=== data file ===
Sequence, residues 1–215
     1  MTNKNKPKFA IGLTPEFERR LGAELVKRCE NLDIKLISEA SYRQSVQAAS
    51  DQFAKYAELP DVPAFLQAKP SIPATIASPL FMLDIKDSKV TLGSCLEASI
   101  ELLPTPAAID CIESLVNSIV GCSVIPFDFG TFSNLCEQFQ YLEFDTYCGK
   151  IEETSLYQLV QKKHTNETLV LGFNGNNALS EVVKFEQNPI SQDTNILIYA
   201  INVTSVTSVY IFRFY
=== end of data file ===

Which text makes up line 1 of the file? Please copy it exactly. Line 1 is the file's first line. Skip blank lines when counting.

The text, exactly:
Sequence, residues 1–215